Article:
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James Snider
James Snider
James Snider has provided spatial analysis and conservation planning expertise to the WWF-Canada team since 2007. Building on his background in landscape ecology, conservation biology, and environmental impact assessment and statistics, he provides landscape analysis and mapping support for WWF’s freshwater, arctic and climate programs.

His work at WWF-Canada has included identifying high conservation forest values as part of the Forest Stewardship Council certification process for responsibly managed forests; mapping the cumulative footprint of mineral development on barrenground caribou calving areas in northern Canada; developing a new approach to conservation planning in the rapidly changing Arctic environment as part of the “Rapid Assessment of Circumarctic Ecosystem Resilience” project with WWF’s Global Arctic Programme; and, most recently, developing an analysis of river health in Canada.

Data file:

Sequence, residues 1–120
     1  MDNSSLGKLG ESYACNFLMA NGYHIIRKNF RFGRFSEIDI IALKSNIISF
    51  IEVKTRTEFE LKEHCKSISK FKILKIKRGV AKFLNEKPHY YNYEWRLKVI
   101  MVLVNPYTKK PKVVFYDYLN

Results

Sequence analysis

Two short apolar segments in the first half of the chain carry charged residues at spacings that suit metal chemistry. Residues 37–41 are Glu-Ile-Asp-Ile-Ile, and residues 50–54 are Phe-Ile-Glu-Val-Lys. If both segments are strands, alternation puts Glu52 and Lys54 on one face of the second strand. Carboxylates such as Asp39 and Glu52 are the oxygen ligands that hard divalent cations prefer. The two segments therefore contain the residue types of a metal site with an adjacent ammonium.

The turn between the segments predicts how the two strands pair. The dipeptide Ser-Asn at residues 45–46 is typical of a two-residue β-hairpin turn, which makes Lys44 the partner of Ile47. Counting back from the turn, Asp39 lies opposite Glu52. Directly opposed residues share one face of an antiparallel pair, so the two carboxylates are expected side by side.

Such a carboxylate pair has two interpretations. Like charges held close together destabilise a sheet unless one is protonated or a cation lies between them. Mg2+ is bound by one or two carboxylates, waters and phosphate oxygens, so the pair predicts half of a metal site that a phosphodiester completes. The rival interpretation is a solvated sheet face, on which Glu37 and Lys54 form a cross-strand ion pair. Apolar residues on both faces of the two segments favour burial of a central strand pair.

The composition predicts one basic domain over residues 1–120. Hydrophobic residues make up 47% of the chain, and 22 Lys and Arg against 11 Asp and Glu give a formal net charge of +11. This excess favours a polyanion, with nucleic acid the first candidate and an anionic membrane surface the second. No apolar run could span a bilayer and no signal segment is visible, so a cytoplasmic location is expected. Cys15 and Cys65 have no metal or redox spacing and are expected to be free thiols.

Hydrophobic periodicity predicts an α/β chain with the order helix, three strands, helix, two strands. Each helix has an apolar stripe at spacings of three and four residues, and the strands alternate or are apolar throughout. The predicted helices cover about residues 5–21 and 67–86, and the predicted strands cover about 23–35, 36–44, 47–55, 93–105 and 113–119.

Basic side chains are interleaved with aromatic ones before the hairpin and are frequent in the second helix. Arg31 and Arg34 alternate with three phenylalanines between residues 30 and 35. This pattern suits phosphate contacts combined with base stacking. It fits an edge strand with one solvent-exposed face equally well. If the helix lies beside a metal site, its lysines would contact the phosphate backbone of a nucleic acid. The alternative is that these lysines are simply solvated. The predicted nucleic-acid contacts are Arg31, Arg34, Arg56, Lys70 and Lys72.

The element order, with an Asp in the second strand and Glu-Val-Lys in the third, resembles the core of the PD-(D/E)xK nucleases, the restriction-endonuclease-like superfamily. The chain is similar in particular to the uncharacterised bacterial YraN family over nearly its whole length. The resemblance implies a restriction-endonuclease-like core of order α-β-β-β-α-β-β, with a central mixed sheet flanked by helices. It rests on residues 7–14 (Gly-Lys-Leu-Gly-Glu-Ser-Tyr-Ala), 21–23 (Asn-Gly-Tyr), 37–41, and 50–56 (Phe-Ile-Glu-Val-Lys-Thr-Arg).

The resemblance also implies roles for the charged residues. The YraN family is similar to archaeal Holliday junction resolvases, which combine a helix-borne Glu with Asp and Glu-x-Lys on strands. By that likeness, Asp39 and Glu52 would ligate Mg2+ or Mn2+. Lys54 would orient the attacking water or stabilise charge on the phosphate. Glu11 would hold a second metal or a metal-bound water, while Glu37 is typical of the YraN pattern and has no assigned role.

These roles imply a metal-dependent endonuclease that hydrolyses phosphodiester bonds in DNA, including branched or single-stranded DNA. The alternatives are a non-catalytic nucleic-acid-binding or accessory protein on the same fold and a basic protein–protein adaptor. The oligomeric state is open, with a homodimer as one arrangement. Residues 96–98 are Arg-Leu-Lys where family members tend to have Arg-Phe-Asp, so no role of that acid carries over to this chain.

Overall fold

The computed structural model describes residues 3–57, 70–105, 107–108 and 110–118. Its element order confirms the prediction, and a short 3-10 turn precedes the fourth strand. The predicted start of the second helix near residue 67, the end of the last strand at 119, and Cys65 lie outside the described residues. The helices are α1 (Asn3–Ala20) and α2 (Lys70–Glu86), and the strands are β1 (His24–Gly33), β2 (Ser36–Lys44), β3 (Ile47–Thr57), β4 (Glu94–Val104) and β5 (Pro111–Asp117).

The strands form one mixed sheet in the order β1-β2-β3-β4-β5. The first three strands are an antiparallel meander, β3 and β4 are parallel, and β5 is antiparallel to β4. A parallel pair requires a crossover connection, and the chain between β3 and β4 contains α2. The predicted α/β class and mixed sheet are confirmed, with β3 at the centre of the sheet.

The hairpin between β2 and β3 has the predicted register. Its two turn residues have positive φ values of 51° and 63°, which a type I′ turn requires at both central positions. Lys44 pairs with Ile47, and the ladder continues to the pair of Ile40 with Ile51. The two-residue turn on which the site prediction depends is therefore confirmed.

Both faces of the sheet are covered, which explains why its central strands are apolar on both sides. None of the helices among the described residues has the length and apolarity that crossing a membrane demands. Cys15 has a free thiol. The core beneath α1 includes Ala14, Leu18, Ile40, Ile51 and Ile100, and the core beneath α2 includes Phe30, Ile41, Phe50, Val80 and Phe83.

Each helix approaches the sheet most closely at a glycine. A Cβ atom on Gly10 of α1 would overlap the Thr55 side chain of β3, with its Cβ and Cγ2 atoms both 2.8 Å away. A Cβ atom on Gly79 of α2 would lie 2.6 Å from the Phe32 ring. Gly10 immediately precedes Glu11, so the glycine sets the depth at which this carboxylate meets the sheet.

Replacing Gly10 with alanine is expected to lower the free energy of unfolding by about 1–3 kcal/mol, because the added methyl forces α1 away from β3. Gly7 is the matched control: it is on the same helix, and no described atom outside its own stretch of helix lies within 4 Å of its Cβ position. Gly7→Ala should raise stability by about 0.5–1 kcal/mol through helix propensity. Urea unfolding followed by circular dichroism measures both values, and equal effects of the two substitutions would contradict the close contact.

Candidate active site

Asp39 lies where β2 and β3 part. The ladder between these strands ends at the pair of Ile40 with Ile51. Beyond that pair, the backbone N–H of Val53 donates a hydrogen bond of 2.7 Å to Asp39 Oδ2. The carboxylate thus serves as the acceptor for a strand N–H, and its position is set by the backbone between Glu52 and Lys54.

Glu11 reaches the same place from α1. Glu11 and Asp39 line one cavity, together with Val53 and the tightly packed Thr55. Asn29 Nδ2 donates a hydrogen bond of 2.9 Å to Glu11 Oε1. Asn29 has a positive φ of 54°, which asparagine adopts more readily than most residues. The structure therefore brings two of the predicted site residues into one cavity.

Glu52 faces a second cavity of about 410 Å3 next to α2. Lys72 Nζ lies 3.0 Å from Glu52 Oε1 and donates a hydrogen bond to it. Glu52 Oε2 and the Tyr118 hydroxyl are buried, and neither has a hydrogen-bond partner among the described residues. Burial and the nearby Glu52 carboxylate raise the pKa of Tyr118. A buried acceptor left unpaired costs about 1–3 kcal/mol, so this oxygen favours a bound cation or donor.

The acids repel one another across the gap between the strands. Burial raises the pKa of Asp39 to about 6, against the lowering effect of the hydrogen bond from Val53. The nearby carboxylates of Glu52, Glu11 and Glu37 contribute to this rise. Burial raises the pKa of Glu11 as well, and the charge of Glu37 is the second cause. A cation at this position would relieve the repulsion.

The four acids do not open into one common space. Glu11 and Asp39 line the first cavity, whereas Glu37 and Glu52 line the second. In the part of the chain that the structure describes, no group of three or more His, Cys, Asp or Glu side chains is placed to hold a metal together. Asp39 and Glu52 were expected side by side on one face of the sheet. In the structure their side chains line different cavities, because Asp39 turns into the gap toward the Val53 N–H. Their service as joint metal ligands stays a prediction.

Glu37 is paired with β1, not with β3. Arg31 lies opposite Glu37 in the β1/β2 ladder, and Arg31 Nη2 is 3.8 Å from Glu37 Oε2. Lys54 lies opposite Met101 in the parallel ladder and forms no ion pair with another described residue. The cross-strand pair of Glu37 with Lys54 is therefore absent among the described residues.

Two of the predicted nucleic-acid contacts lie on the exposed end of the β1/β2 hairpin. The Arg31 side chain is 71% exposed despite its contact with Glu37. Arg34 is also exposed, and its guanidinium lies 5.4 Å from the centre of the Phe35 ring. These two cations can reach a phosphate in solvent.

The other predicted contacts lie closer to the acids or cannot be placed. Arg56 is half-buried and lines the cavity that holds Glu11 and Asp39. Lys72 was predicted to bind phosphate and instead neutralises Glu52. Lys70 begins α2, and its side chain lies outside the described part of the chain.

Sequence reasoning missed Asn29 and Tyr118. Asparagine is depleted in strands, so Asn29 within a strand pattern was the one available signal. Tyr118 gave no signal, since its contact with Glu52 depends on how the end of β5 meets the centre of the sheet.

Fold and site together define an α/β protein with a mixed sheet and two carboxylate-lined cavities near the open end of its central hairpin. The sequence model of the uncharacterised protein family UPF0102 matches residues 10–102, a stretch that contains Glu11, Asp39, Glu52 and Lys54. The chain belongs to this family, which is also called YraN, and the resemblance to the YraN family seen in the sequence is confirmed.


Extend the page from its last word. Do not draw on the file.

James continues to apply his skills in geographic information systems, remote sensing, statistics, and global climate modelling to help with WWF-Canada’s projects in ecosystem service valuation, climate change adaptation and renewable energy.

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James's Posts

Pandas with moustaches? Only during Movember
With the trees now bare of their leaves, holiday decorations lighting our streets, and flurries making their first appearance in Toronto (gasp!), November is nearly over... which also means that Movember is nearly over.

Movember at WWF
Who knew it would be so easy to get a couple laughs?

WWF does Moscow: the Problems of Adaptation to Climate Change Conference
Another overnight flight with little or no sleep! The last time I was headed back from Alaska, roughly six months ago, as part of a series of work sessions on a WWF circum-arctic project: RACER -- the Rapid Assessment of Circum-Arctic Ecosystem Resilience.

“Out on the land”: Spotting Arctic wildlife
The Inuit tell a story of the creation of Mount Pelly and its two surrounding hills as a family of three giants succumbed to starvation and fell face-forward on the cold barren land of the Arctic tundra.